“I want to see more affordable housing built in Seattle along with our residential neighborhoods accommodating housing options that contribute to their character,” stated Councilmember Nick Licata, chair of the Council’s Housing, Human Services, Health and Culture Committee. “I think both objectives can be accomplished and I look forward to this forum providing an opportunity to hear suggestions on how to fulfill both.”

“I’ve visited some of these micro-units,” said Council President Sally J. Clark. “They provide decent, often attractive housing for a range of people who don’t need or want a lot of space. They’re also appearing in greater numbers and more rapidly than some in the surrounding neighborhood want. This forum can provide a good airing of people’s support, concerns and ideas for appropriate regulation.”

“Microhousing can be an affordable option that works well with neighborhoods,” said Councilmember Richard Conlin, chair of the Council’s Planning, Land Use and Sustainability Committee. “However, it does not fit neatly into Seattle’s land use code, and we are looking for input on code improvements that will preserve the affordability while ensuring that these developments reflect both the letter and the spirit of our land use laws.”

Background

In recent years, micro-housing has emerged as an increasingly common residential building product in Seattle. Since 2006, DPD has received permit applications for 44 projects. Those completed projects have a total capacity of about 2,000 people. In 2012, DPD received applications for approximately 15 micro-housing projects.

Micro-housing projects are generally comprised of apartment or townhome-style dwelling units, each of which contains several (often seven or eight) smaller living quarters clustered around a shared kitchen and laundry area. Each of the smaller living spaces within the dwelling unit is leased to an individual tenant. These spaces are typically 150 to 200 square feet in size and equipped with a kitchenette (refrigerator, microwave, sink) and private bathroom. Rent levels vary by location but are often in the range of $600 to $700 per month.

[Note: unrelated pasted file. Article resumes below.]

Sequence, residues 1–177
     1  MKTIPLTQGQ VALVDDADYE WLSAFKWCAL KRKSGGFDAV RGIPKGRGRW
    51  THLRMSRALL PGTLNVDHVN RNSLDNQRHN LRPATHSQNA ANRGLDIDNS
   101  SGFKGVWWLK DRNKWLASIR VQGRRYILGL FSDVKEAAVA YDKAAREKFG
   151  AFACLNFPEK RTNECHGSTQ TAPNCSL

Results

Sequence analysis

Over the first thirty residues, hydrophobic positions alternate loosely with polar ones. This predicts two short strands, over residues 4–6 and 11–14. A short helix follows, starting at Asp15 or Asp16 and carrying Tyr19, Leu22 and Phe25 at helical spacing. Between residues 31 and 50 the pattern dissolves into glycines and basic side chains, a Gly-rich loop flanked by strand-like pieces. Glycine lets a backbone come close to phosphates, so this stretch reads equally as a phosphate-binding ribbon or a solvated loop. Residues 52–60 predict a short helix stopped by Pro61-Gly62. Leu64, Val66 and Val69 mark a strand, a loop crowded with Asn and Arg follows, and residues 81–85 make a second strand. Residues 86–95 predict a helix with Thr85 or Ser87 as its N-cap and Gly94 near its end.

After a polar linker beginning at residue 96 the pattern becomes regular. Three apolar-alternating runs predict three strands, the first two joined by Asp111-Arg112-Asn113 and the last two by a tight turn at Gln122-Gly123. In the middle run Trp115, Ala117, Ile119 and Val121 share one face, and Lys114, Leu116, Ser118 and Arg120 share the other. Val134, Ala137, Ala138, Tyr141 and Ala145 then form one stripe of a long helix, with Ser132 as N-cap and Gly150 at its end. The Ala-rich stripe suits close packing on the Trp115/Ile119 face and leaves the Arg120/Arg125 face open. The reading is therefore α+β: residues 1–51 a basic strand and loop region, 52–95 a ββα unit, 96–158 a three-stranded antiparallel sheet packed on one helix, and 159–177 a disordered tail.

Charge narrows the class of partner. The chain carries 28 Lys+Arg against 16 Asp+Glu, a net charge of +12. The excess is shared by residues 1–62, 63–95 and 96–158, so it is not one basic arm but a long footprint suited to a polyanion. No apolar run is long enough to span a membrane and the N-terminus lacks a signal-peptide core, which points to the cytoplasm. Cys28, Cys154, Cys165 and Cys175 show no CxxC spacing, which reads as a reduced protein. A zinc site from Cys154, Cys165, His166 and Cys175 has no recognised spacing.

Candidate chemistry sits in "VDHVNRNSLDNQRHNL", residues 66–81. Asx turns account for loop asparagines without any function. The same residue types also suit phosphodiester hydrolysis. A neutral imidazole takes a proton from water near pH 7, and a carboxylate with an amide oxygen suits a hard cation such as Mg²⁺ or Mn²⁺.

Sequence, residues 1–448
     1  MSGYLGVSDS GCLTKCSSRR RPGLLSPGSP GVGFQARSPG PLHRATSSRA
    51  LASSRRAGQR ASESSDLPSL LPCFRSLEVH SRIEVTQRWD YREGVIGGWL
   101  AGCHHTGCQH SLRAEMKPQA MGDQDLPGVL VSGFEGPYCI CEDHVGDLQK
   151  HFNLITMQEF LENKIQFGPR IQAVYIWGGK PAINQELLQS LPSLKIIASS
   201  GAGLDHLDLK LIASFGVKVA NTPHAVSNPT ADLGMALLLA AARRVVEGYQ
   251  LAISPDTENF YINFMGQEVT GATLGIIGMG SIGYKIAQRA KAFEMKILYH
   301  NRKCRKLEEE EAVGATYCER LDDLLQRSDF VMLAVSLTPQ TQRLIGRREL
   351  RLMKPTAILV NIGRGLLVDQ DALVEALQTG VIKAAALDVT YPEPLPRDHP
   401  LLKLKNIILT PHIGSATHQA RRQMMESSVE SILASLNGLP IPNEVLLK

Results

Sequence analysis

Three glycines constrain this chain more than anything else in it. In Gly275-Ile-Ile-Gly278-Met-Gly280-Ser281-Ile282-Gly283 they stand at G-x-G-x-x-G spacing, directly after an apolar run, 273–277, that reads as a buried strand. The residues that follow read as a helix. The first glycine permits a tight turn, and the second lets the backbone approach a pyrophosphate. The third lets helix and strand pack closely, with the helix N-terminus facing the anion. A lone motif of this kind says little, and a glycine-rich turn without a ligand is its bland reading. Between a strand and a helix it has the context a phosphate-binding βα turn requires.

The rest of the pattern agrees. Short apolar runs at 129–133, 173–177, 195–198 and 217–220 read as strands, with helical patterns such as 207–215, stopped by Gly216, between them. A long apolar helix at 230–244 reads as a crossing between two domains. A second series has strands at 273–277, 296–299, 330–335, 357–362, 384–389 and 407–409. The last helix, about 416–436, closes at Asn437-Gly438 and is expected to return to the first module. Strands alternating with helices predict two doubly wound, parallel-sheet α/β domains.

Developers have found Seattle offers a strong market for micro-housing, with completed projects leasing up quickly. Tenants often include students, service industry workers, and individuals who divide their time between Seattle and a residence in another location.  Geographically, 52 percent of the projects are located on Capitol Hill and 30 percent in the University District, with the remainder spread throughout the city.

Because micro-housing is not well-defined in City codes it also may not be adequately regulated. Some of the issues and concerns the public has raised about Seattle’s growing stock of micro-housing include:

  • Within micro-housing projects, DPD currently counts the several small living quarters that surround a common kitchen and laundry area as a single dwelling unit (e.g., one apartment with eight bedrooms and eight bathrooms). As a result, most micro-housing projects do not meet the threshold for design review. Normally the design review process also provides opportunities for neighbors to comment and offer input on proposed projects.
  • DPD’s current practice of counting multiple living quarters within a micro-housing project as a single dwelling unit also complicates efforts to measure progress toward adopted growth targets in neighborhoods where micro-housing is located. It also can affect whether a proposed micro-housing project is subject to environmental review under the State Environmental Policy Act (SEPA).
  • Micro-housing may not be an appropriate building type for all multifamily residential zones. 
  • Micro-housing projects are generally designed to house 30 to 60 individuals; however, on-site parking is rarely provided.